Every now and again, as people in the ‘Hospitality’ business, we get invitations to interesting events organised by the Office de Tourisme or one of the notable or more pro-active tourist venues. In this case we were invited (along with a lot of others over a two-day period) to visit the ‘Union de Producteurs de Saint-Emilion’. The UDP de Saint-Emilion is a large wine Co-Operative that produces a wide range of excellent, quality, wine from hand-picked Speciality Grand Crus to easy drinking AOC. This co-operative was founded, along with many others, in the 1930’s as a direct effort to counter the effects of the impending economic depression.
Nowadays this UDP provides a full range of wine making skills for whoever wants to make use of it within the Saint-Emilion area. In addition the scale of their operation means that they are able to offer their growers not only their expertise, knowledge and superb processing facilities but also marketing and sales assistance on a scale that individual producers could not afford. This of course (apart from us being consumers) is where we, with this invitation, come in.
We chose the second of the proposed days for our visit and took the scenic route down through rambling villages and open countryside into the mono-culture area of the greater Bordeaux vineyards. Despite the additional scenic element that a wrong turn gave us (we will not dwell on it here) we made it, door to door in well under an hour.
We were met in the UDP reception by the excited and fired-up marketing team. We were taken straight to the basement exhibition space where we had coffee and pain au chocolat. The marketing team made us welcome and while our colleagues gathered the team were able to give us a quick briefing and identify the 6 or 7 Anglophone people in the party. Slowly our companions for the morning assembled, drank coffee, dropped crumbs of pain au chocolat and properly curved croissant (certainly not Tesco value) and chatted while gazing at the exhibition of paintings.
With most of the 20+ of us assembled and fortified for the tour we set off into the shop for a very interesting talk on the geology and landscape of the Saint Emilion AOC. From a foundation group of six wine-growers there are now 150 producers within the UDP. They harvest about 36,000 hectolitres from 700 hectares in the prestigious Saint-Emilion and Saint-Emilion Grand Cru. The singularity of the varied geology is what makes this area what it is.
The tour started as we were led into the great hall of concrete vats on a walkway above the impressive wine presses. Beyond this hall was clinical and shining; stainless steel glinting in the light. Here the grapes arrived by trailer to start their conversion. Four conveyors for ‘other’ grapes and one for the specialised ‘hand-picked’ grapes that are sifted, sorted de-stalked and optically quality/size checked in a completely different way to the bulk of the grapes.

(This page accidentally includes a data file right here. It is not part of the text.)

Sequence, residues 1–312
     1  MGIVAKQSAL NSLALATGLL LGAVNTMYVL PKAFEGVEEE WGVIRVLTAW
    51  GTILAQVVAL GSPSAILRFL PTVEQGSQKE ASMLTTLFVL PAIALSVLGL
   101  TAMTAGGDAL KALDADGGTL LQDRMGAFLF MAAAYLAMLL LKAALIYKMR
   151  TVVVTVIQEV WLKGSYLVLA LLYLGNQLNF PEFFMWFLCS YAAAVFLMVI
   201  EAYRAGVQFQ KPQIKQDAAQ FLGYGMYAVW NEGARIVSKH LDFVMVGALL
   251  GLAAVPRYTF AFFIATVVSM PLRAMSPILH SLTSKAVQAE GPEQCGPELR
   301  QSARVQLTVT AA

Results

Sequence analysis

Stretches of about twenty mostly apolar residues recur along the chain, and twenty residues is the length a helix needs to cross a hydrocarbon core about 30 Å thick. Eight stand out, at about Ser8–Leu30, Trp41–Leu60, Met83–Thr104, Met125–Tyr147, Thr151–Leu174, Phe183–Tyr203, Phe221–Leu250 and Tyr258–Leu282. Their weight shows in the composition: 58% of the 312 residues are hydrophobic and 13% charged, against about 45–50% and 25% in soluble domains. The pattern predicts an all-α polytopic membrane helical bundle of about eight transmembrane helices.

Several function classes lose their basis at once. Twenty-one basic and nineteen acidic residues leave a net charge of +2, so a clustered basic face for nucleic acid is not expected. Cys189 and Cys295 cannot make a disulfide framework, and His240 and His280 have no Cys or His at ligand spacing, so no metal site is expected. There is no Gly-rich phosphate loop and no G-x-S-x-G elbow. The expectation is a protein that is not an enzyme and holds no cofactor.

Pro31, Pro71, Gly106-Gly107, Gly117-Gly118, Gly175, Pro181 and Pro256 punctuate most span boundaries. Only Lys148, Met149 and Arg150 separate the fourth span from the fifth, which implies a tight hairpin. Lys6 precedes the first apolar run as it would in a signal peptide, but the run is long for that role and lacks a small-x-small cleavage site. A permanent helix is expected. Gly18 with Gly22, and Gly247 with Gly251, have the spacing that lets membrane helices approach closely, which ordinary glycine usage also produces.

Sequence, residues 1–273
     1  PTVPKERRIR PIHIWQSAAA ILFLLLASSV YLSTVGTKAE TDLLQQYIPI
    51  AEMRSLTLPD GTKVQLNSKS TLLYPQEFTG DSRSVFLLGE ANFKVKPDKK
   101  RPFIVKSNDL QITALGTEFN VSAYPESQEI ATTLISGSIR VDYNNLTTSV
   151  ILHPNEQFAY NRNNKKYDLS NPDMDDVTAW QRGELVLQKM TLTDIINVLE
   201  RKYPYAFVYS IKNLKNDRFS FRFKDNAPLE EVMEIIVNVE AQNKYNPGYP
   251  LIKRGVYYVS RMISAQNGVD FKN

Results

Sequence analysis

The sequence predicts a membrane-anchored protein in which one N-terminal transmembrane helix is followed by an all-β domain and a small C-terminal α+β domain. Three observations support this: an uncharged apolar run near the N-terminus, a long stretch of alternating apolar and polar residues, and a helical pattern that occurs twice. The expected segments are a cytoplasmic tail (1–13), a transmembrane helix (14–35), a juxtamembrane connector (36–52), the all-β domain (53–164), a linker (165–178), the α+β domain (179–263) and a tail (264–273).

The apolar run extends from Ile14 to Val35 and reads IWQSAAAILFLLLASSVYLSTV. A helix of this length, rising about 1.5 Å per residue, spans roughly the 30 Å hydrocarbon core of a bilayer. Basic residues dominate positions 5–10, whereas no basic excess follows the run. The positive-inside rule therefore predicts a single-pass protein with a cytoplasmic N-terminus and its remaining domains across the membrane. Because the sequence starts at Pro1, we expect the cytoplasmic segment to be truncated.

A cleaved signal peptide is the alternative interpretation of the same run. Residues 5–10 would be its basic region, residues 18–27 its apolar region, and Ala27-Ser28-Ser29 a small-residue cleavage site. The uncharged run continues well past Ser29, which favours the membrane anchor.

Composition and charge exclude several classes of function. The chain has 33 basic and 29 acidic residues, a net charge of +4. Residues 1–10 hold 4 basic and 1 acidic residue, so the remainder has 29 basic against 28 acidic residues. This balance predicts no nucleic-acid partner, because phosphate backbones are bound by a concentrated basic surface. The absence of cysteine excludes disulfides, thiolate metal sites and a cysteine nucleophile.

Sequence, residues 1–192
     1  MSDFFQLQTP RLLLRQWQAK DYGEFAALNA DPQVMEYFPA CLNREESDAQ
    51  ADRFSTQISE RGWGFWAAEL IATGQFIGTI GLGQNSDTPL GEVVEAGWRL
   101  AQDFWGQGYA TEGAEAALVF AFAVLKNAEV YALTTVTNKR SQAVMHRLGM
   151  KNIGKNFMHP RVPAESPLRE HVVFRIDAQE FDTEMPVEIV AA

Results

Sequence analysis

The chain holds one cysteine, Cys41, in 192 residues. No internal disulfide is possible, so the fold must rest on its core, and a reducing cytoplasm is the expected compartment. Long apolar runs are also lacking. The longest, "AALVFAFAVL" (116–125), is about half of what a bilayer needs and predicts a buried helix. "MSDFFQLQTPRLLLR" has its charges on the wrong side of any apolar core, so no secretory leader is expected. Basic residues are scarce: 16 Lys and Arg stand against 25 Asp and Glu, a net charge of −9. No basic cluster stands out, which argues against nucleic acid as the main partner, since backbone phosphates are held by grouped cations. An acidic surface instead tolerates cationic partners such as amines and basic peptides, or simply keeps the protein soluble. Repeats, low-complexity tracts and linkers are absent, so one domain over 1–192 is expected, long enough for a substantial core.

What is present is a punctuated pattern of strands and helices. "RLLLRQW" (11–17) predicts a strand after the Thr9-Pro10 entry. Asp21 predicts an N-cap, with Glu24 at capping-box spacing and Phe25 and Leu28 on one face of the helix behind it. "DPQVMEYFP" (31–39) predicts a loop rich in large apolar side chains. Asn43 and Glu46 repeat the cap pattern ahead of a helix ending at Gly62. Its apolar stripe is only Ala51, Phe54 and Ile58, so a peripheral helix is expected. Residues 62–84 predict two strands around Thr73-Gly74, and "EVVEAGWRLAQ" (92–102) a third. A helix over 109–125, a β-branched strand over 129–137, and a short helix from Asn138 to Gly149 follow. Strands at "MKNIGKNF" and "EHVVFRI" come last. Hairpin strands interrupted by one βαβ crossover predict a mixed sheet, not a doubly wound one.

The scheduling of arrivals and the record-keeping involved in ensuring that the right grapes go to the right place (specific château grapes must take their pre-ordained processing route to maintain their integrity) for such a range of producers is mind-numbing. Because the UDP processes for so many and so varied a group of producers they must cater for everything from Grand Cru and Château bottling to the standard AOC. This I think is one of the great benefits of a visit to the UDP; while it is not a famous single Château with a single process to demonstrate it is far more than this and can show a range of different processes under one roof.
We were shown the fermenting chambers where the wild yeasts are killed off and specific yeasts administered before the juice is cooled in summer and warmed in winter to provide the perfect environment for that wonderful magic that turns juice to wine.
Enough of the boring details because you can go and find these out for yourself.
I will, however, dwell on one other aspect of the tour and that is my second favourite segment (the wine tasting at the end came first place), and that was the beautiful warehouse where the wines (the ‘better’ wines at least) are stored in rank after rank of golden oak barrels.
The oak comes from a single forest in the centre of France and four or five workshops provide the cooperage. There is an amazing glow that fills this dimly lit cathedral of a room.
I will gloss over the final part of our tour where theory met practice as we sampled three delightful wines all of great quality but each better than the previous. This we ‘washed’ down with an excellent buffet.
Throughout the visit our guide, Christine, gave a full commentary in French. After each stop she took the small group of Anglophone visitors to one side and gave us explanations of the technicalities in English. She was never hurried, no question went unanswered and the range of her knowledge was superb. There was though one question that I forgot to ask and that concerned the escape of alcohol from the barrels and the change in strength of the wine stored in those barrels over their four years of gentle slumber.
So, if you want to visit what does it cost? Not a lot – once you are in the area and staying with us a tour and sampling can be arranged for free every day of the year (well almost, exclude Christmas day and New Years day). The marketing people are passionate and incredibly knowledgeable and really want you to enjoy your visit. Go on, spoil yourself, stay at Bon Abri in Puymangou and spend a really pleasant morning with the UDP in Saint Emilion.
For more on Saint-Emilion itself have a look at this earlier post.